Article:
Monday, December 17, 2007

 

Greenspan Promotes "CASH BAILOUTS" for Deadbeats (errr, Troubled Homeowners)



Greenspan Favors Government Bailout for Homeowners

Dec. 17 (Bloomberg) -- Former Federal Reserve Chairman Alan Greenspan said he favors spending government money to rescue Americans who are at risk of losing their homes because they can't make mortgage payments.

Greenspan, speaking on ABC's ``This Week'' program that aired yesterday, said cash bailouts, while creating a larger budget deficit, have the advantage of helping homeowners without distorting property prices or interest rates on mortgages.

``Cash is available and we should use that in larger amounts, as is necessary, to solve the problems of the stress of this,'' Greenspan said. ``It's far less damaging to the economy to create a short-term fiscal problem, which we would, than to try to fix the prices of homes or interest rates. If you do that, it'll drag this process out indefinitely.''

Greenspan's approach differs from that of Treasury Secretary Henry Paulson, who negotiated a freeze on the interest rates of some subprime mortgages without pledging any government money to help homeowners or banks.

``Alan Greenspan has followed two propositions through his life: A smaller government is better, and a market economy operates on trust,'' said Vincent Reinhart, former head of the Fed's monetary affairs division and now a resident scholar at the American Enterprise Institute in Washington. ``I think he was suggesting that it would be better to sacrifice the first -- spend more -- than the second -- interfere with contracts.''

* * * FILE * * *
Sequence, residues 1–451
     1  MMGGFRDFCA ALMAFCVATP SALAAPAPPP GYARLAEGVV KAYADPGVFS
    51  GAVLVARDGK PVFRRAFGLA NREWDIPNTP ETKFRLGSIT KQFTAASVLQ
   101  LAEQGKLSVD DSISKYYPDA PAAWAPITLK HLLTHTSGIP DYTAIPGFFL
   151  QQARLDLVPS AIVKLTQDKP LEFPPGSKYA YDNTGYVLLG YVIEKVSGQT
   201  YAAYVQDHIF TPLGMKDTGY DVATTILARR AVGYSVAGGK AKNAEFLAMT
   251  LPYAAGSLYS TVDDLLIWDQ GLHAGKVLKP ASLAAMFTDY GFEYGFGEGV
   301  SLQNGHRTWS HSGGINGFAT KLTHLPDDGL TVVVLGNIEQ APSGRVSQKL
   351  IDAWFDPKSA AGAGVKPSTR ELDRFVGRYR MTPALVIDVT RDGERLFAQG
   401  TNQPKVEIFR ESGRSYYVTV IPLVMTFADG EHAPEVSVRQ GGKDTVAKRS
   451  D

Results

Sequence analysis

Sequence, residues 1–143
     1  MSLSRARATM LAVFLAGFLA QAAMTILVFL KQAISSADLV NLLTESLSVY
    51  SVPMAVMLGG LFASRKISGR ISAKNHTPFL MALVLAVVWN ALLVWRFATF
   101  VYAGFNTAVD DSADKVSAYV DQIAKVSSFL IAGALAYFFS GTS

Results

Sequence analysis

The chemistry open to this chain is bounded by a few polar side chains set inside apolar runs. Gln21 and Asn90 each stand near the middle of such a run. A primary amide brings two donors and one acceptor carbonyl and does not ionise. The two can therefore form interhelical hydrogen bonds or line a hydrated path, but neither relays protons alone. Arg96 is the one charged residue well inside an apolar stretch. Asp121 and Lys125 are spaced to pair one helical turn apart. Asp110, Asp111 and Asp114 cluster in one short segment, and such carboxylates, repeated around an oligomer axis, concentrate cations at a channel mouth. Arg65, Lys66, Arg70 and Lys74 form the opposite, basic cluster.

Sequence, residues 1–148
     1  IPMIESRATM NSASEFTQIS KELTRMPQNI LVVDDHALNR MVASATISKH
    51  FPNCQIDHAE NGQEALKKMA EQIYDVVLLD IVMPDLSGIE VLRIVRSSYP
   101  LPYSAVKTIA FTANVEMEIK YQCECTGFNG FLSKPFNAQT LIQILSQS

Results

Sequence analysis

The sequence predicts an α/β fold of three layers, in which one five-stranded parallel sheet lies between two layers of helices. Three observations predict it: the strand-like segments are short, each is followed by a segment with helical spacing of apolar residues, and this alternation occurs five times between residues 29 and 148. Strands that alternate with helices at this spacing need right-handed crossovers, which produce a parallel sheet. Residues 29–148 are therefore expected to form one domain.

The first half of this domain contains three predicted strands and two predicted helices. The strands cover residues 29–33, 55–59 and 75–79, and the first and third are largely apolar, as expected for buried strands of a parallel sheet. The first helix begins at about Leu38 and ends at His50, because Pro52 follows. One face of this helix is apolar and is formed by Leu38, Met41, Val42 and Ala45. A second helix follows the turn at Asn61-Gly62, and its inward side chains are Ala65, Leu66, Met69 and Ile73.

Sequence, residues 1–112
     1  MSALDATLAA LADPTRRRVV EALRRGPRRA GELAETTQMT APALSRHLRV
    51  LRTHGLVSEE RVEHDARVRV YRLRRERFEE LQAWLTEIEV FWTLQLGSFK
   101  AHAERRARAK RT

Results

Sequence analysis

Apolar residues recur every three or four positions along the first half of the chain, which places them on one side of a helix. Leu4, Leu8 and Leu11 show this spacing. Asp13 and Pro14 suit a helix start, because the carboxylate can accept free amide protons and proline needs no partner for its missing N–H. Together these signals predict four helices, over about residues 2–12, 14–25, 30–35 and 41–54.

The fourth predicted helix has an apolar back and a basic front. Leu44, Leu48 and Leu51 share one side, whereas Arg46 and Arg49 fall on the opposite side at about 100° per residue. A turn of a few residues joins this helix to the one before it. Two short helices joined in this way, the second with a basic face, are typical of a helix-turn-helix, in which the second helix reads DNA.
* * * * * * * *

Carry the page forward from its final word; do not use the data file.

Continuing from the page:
The former chairman didn't specifically mention the Bush administration's plan, and wasn't asked about it directly.

Meltzer Differs

Allan Meltzer, professor of political economy at Carnegie Mellon University in Pittsburgh, said Greenspan's proposal for a cash bailout might cost ``hundreds of billions'' of dollars and would reward risky behavior.

``It is not a good idea for the government to bail out people who make mistakes,'' said Meltzer, the author of a 2002 book on the early history of the Fed. ``The markets are beginning to come to grips with this and bailing them out is a mistake, not a small one but a big one.''

Greenspan, who was Fed chairman for almost two decades until Ben S. Bernanke took over early last year, repeated that recession risks are rising.

``The probabilities of a recession have moved up to close to 50 percent -- whether it's above or below is really extraordinarily difficult to tell,'' Greenspan said.

In a Dec. 13 interview with National Public Radio, he said the economy is ``getting close to stall speed.'' On Nov. 7, he told a conference in Sao Paulo that the chances of a recession were ``less than 50-50.''

Greenspan also warned that the U.S. economy was facing the hazards of both rising inflation and slower growth. ``We are beginning to get not stagflation, but the early symptoms of it,'' Greenspan said on ABC.

Cooling Expansion

U.S. economic growth will slow to 1 percent in the fourth quarter as consumer spending cools and the housing slump enters its third year, according to a survey of 63 economists by Bloomberg News taken Dec. 3 to Dec. 10. The world's largest economy grew at a 4.9 percent pace from July through September.

Spending, which accounts for more than two-thirds of the economy, will grow in 2008 at the slowest pace in 17 years as higher fuel costs and falling home values limit consumers' buying power, economists predict.

President George W. Bush announced this month that Paulson and other members of his administration had reached an agreement with the mortgage industry to help as many as 1.2 million homeowners avoid foreclosure when their adjustable-rate mortgages jump to higher rates.

``We're not bailing people out,'' Bush said today. ``It's going to take a while to work through the housing bubble, but we can mitigate some of the issues.''

Working with Paulson and the government's housing regulators, lenders and the companies who manage home loans agreed to freeze some adjustable mortgages at current rates for five years. Others will be given help refinancing or qualifying for loans backed by the Federal Housing Authority.

To contact the reporter on this story: Steve Matthews in Atlanta at smatthews@bloomberg.net

Last Updated: December 17, 2007 10:50 EST

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